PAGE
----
Princess Diana's brother claims 'The Crown should have a warning'

Charles Spencer believes the Netflix show The Crown should warn viewers that the show is fiction

Earl Spencer
(Image credit: David M. Benett/Dave Benett/Getty Images for Charles Sabine)

Charles Spencer, brother to Princess Diana, has called for popular Netflix show The Crown to have a 'health warning'.

The Earl, who has always been outspoken about his sister's legacy was speaking on the Lorriane show. He said that the drama, which depicts the lives of the royal family, could be seen as 'real events' by the show's fans, rather than just a dramatisation of the truth.

He went on to say that the show should have a warning before it airs so that fans know that even though it's based around real events, that the drama isn't in fact 'true'.

During an appearance on ITV’s Lorriane show he said: "I think it would help The Crown an enormous amount if – at the beginning of each episode – it stated that: 'This isn't true, but it is based around some real events'.

"Then, everyone would understand it's drama for drama's sake. Obviously Netflix wants to make a lot of money and that's why people are in the business of making these things."

He went on to say: "I worry people do think that this is gospel, and that's unfair.”

The Earl also said on the Alan Titchmarsh show recently: "The Crown asked if they could film at Althorp and I said obviously not. The worry for me is that people see a program like that and they forget that it is fiction."

The show's fourth series, which explores Princess Diana and Princes Charles's relationship, as well as Camilla's, apparent, affair with the Prince, has been popular with thousands of people taking to the online streaming service to watch it.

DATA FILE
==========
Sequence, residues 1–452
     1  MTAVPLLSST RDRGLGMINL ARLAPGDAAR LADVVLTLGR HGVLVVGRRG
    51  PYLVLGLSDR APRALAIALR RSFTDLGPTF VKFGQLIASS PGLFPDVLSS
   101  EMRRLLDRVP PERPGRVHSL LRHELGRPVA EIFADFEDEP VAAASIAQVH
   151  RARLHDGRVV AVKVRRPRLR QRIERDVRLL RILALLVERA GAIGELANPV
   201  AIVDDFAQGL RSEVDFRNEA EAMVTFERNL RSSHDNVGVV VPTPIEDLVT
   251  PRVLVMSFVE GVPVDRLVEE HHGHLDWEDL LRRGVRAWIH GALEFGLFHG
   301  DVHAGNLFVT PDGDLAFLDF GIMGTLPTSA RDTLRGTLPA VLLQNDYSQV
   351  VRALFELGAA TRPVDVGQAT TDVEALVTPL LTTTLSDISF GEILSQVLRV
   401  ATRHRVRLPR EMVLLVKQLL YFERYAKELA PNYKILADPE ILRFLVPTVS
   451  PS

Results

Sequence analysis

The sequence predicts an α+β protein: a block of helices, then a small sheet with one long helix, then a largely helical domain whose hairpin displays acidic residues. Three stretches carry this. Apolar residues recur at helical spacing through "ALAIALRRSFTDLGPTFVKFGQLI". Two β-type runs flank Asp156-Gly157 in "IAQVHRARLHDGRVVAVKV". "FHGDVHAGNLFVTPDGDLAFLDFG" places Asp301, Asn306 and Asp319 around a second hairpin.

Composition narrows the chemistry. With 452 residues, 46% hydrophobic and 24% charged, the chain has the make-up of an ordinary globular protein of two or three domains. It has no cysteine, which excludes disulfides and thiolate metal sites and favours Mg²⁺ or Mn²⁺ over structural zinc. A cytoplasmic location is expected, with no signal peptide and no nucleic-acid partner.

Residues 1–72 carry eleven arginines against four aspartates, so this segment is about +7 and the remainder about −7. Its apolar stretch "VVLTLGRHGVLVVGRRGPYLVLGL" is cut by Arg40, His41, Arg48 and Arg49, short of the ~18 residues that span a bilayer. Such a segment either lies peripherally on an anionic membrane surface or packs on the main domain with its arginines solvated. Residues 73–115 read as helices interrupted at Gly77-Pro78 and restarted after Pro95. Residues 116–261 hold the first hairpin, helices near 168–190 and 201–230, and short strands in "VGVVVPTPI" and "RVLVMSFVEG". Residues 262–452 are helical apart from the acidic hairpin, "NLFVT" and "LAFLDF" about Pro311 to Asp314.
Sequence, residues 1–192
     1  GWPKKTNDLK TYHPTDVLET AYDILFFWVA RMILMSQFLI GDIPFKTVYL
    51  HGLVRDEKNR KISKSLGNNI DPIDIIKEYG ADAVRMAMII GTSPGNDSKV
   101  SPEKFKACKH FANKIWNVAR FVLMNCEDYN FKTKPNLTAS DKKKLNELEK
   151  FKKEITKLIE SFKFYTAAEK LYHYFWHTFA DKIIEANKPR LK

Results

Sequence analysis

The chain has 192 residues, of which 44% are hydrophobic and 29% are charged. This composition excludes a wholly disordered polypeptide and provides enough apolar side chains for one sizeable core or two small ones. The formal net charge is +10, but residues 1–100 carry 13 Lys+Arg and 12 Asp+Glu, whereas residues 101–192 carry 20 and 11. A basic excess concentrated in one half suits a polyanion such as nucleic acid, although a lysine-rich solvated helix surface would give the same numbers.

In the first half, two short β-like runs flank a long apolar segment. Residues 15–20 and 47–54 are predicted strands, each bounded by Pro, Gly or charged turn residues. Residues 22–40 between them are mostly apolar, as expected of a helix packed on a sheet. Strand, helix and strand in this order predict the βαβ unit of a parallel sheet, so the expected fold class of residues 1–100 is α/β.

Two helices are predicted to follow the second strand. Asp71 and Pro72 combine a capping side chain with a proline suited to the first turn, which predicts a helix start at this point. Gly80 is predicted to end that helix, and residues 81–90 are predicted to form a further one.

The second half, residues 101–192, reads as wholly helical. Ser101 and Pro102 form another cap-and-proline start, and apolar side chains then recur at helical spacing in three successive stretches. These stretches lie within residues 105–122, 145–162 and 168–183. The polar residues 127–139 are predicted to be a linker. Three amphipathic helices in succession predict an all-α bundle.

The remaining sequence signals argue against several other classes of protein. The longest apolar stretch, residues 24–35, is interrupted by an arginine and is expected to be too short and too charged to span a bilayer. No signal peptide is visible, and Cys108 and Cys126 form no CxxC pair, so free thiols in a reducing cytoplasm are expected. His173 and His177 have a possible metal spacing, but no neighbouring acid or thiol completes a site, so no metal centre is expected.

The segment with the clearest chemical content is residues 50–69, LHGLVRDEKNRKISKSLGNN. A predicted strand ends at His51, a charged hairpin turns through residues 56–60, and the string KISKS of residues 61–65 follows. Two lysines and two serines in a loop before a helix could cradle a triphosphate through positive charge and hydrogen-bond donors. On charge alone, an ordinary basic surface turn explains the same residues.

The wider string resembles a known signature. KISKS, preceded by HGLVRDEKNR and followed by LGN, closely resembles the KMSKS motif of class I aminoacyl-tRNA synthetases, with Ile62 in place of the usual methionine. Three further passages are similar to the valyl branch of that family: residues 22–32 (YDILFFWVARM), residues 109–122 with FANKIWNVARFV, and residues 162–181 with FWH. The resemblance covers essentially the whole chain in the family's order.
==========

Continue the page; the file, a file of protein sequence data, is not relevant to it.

However many fans don't know the difference between truth and fiction and believe that the show is all based on real-life events. 

Trolls have even taken to Twitter and Instagram to slam The Duchess of Cornwall for having an affair with Prince Charles - a storyline which is heavily portrayed in the show, but which the royals deny. 

Sarah Finley

Sarah is a freelance journalist - writing about the royals and celebrities for Woman & Home, fitness and beauty for the Evening Standard and how the world of work has changed due to the pandemic for the BBC. 


She also covers a variety of other subjects and loves interviewing leaders and innovators in the beauty, travel and wellness worlds for numerous UK and overseas publications. 


As a journalist, she has written thousands of profile pieces - interviewing CEOs, real-life case studies and celebrities - interviewing everyone from Emma Bunton to the founder of Headspace.